Gold mining is the most profitable industry in the world and began the year with 20 percent operating margins. Since then, margins have more than doubled, due to an increase in the price of gold as well as a decline in production costs, which consist mainly of energy, raw materials, and labor in local currency. The average gold miner is currently four times as profitable as the average S&P company, yet it only has 1/3 the valuation. Coast Capital believes that there is no more attractive industry to invest into.
The paradox of low valuations (and in many cases, all-time low share prices) and all-time high margins is a symptom of the lack of capital invested in the sector. There are very few active investors in the gold mining industry, which can be an extremely complicated industry to invest into. Indeed, Thomas Edison once remarked that people fail to recognize opportunity because it goes around dressed like hard work. Doubly so for gold miners. Investors in the space need to have a detailed understanding of geology, mine engineering, jurisdiction risk, and general management in order to consistently identify great companies in the space. Most investors lazily allocate capital through ETFs, which are heavily overweight the largest miners in the sector. As a result, the largest miners trade at twice the valuations of their smaller peers, even as the same major miners face declining reserves and production rates.
Coast Capital, in contrast, has assembled a first-class team with a distinguished track record of performance as some of the industry’s leading geologists, mine engineers, and CEOs. These individuals help Coast Capital to identify and operationally due diligence the most attractive investment opportunities in the space (in many cases through direct investments). We are particularly focused on companies with attractive assets, as we believe that the industry has entered a transformative period of consolidation, during which the major miners purchase the small and midtier miners in order to maintain production rates. We expect to continue to be rewarded for investing in the extraordinarily under-valued, increasingly scarce, and hyper-profitable gold miners, and are well-placed as event-driven investors to drive consolidation and value creation. Our investment process is designed to generate returns regardless of the price of gold. Indeed, our diversified gold investments appreciated by more than 41 percent in 2019, and by 200 percent YTD (as of October 2020). The Midas Fund, which we launched in September 2020, appreciated by 14 percent in its first two months, during which the price of gold declined by 5 percent. Currently, we are buying into companies at 1.5 times cash flows!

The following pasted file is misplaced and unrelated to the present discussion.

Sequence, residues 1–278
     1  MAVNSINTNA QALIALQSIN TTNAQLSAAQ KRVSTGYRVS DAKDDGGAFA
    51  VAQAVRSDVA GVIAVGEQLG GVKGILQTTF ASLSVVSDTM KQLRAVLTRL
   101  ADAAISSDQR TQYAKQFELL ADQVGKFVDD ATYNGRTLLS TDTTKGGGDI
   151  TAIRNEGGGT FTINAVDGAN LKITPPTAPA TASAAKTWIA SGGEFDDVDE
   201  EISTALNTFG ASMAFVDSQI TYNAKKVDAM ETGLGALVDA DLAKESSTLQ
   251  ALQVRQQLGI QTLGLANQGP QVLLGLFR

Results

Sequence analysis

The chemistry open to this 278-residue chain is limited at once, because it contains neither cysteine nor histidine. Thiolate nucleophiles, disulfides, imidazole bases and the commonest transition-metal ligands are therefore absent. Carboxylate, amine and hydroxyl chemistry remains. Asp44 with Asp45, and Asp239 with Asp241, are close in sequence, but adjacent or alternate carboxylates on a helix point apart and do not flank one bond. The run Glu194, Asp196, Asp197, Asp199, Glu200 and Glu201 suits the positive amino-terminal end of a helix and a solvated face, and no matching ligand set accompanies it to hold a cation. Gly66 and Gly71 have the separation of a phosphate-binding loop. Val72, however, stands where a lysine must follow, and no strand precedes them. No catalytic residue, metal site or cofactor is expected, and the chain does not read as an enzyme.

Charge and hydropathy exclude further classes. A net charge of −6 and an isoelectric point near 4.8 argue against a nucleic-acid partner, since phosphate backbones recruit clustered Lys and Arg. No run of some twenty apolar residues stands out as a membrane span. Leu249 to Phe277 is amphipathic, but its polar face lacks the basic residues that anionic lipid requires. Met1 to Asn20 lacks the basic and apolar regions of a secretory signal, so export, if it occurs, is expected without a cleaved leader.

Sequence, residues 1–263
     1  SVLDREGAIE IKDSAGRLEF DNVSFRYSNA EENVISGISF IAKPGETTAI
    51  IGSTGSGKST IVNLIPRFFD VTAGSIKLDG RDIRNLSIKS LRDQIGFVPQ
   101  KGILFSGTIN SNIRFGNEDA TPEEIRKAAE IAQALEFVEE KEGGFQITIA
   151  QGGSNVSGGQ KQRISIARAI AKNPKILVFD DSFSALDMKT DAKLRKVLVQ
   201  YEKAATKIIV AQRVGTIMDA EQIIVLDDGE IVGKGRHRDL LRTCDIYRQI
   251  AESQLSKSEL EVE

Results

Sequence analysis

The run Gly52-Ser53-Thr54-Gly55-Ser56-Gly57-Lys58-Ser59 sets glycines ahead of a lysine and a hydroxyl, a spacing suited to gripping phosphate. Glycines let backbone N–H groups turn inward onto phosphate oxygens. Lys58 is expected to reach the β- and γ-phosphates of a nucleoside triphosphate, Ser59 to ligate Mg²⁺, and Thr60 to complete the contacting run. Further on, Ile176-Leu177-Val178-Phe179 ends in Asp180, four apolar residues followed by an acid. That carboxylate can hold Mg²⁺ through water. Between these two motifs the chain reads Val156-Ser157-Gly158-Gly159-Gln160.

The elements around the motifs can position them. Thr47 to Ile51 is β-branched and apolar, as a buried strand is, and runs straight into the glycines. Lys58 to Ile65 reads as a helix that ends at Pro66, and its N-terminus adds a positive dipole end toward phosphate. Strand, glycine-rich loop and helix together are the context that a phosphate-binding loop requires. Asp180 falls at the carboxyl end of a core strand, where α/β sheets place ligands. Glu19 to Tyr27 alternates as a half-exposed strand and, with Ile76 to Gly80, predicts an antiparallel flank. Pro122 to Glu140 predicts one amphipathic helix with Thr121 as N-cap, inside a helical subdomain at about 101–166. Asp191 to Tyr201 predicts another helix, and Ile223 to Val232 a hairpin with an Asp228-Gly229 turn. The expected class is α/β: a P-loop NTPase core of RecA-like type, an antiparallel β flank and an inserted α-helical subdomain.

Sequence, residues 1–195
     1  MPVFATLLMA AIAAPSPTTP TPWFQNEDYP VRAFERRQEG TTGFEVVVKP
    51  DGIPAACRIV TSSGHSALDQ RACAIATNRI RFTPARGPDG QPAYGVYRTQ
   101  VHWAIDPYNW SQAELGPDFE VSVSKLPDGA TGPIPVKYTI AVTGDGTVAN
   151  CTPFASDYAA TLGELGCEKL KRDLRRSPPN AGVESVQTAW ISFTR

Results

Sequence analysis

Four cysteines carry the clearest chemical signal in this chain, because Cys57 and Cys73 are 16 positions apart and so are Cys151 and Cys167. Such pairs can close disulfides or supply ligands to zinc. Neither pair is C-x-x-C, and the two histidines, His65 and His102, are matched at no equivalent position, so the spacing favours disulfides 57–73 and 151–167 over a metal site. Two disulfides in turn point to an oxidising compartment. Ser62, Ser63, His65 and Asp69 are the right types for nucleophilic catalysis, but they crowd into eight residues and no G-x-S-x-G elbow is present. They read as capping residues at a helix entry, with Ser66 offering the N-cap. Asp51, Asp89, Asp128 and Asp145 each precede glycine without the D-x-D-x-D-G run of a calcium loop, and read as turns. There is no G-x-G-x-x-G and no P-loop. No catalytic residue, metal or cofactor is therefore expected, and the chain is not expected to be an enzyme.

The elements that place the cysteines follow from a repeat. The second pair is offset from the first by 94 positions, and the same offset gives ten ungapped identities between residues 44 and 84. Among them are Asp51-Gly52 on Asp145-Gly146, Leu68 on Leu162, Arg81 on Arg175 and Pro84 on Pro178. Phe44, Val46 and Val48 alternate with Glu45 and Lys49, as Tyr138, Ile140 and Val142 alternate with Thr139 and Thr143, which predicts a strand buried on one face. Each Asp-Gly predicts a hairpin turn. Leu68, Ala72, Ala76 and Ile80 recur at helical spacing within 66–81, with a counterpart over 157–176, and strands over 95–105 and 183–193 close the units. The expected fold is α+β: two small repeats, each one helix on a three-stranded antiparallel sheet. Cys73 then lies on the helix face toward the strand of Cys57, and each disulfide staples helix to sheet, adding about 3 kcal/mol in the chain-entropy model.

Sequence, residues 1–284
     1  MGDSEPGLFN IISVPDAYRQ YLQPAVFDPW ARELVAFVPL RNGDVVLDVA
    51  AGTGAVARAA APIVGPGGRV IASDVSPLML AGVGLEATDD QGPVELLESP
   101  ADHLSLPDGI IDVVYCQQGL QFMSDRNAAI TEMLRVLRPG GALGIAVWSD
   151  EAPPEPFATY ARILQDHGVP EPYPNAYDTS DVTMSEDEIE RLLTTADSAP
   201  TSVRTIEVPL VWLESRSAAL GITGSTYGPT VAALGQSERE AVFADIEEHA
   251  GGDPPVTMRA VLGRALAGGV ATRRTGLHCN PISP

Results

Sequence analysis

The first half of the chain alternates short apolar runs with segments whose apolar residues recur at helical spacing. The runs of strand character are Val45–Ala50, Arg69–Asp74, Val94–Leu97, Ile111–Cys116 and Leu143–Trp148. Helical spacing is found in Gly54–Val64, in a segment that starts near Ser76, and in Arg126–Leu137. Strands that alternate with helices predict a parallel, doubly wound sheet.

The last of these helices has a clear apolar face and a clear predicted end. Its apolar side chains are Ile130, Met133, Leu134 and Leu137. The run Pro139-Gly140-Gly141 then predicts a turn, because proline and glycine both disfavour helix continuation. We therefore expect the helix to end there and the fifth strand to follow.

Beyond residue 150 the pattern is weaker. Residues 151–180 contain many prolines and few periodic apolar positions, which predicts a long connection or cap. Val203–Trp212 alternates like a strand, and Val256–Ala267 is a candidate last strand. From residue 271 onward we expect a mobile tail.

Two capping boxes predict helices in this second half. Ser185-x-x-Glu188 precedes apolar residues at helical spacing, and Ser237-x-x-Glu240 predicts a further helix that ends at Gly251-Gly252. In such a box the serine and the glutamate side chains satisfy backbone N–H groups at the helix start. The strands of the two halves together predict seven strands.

We believe that the gold mining sector outshines all other investment candidates facing value investors (in light of the very low valuations and world-class margins), as well as event-driven investors (in light of the wealth creation that is all but guaranteed to come to pass as the major operators are forced to buy, for important premia, their smaller counterparts) or macro investors (in light of the generational expansion rates in monetary supply). Needless to say, the best opportunities go to investors who have geological and operational expertise in the sector, and the best investors also work to improve their invested companies’ impacts on their local communities, and the environment…